A small prefab cabin in Norway is offering an alternative view on the concept of luxury.
Large vacation homes have become almost the standard in this affluent Northern European country in later years, in contrast to the small and quite simple ones that were built by previous generations. The bigger, the better, seems to have been the mantra. But is that really true? When Oslo-based architect Marianne Borge was approached in 2004 by a client who wanted an actual cabin rather than a second home, she was instantly inspired by the challenge of working on a smaller scale.
Large sliding glass doors allow daylight to fill the living room. Smaller windows are placed in the kitchen area and the sleeping loft. The exterior is clad in heart pine which needs very little up-keep and is known for its strength and hardness.
Both the size of the property and the budget set limits to what I could create. My client had a list of requirements that in many ways echoed those that you can find in large holiday homes: open fireplace in the living room, kitchen, separate bedroom, shower and toilet, recalls Borge. However, there was a big - or should we say small difference: We had to find a way of fitting it all into a building of merely 35 square meters. This led to unconventional solutions. For instance, the shower area is placed on the outside of the cabin- a great way to be close to nature, says Borge, who is fascinated with the connection between buildings and their surroundings.
When Oslo-based architect Marianne Borge was approached in 2004 by a client who wanted an actual cabin rather than a second home, she was instantly inspired by the challenge of working on a smaller scale. The home, called Woody35, has a distinct shape that makes it stand out from its surroundings despite the modest size of the building.
The living room's double height makes the space seem larger that its actual size. Stairs leading up to the sleeping loft are placed next to the open fireplace. The plastered wall and the soapstone tiles on the floor add some roughness to the wooden interior.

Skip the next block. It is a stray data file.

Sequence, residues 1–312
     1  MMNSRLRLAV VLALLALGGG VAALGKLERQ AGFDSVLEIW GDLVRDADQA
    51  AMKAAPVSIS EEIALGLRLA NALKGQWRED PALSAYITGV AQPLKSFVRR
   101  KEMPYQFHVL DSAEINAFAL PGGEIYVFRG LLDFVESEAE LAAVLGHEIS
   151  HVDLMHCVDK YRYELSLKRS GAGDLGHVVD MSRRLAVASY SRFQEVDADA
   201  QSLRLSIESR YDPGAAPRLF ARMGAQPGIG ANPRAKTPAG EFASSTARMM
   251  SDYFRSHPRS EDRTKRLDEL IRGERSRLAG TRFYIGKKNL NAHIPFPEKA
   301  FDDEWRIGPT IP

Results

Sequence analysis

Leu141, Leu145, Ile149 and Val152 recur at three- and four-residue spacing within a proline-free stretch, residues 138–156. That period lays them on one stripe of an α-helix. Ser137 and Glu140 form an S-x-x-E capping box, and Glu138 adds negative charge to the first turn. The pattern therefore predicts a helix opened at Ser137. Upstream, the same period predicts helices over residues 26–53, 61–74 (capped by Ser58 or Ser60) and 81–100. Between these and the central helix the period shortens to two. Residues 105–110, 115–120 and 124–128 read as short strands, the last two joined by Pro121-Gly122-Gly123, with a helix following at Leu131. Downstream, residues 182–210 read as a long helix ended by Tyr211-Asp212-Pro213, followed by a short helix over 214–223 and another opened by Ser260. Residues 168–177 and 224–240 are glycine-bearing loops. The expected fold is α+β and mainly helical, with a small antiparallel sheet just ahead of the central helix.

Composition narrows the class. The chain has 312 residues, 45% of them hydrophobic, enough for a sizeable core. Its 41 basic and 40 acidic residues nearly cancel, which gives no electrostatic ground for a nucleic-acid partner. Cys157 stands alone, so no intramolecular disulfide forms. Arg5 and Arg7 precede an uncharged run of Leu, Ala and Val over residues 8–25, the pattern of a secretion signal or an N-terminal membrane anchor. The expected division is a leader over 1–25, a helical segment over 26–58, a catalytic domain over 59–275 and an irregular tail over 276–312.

While a larger structure has to be carefully placed in order for it not to dominate the landscape, a small cabin can easily be fitted into nature. Or, if preferred, be intentionally placed as a sculptural, man-made element in the midst of the great outdoors. That first project almost 10 years ago was the starting point for the architect’s passionate affair with small-scale buildings. Since then, Borge has created a capsule collection that challenges the common belief that size matters. Borge offers her clients the option to buy the architectural drawings and build the cabin themselves, but will soon be able to sell the cabin as a pre-fabricated building manufactured in Norway using locally sourced materials.
The cabin's living room area opens up to the surroundings. Walls and ceiling are clad in birch veneer while the floor is in solid birch.
The kitchen is placed in connection with the living room. The cabin's bedroom and bathroom are placed behind the plastered wall on the right.
Named Woody35 because of its size and wooden structure, the main cabin can sleep six persons, has a living room, kitchen and bathroom. It is all fitted neatly together in a veneer-clad interior that allows simple and beautiful details to grasp the attention. One such example is the built-in metal steps that lead up to a sleeping loft above the open fireplace in the living room. The cabin even has its own "sidekick", a 15 square meter large building that can be combined with Woody35 in different ways for those who need a little bit more space.
Norwegian architect Marianne Borge.
The Woody family is starting to pop up around Norway. There are even plans of creating a small cabin village in the middle of spectacular nature on the country’s west coast. But Borge herself clearly prefers small-scale structures – the cabin is even available as a doll’s house.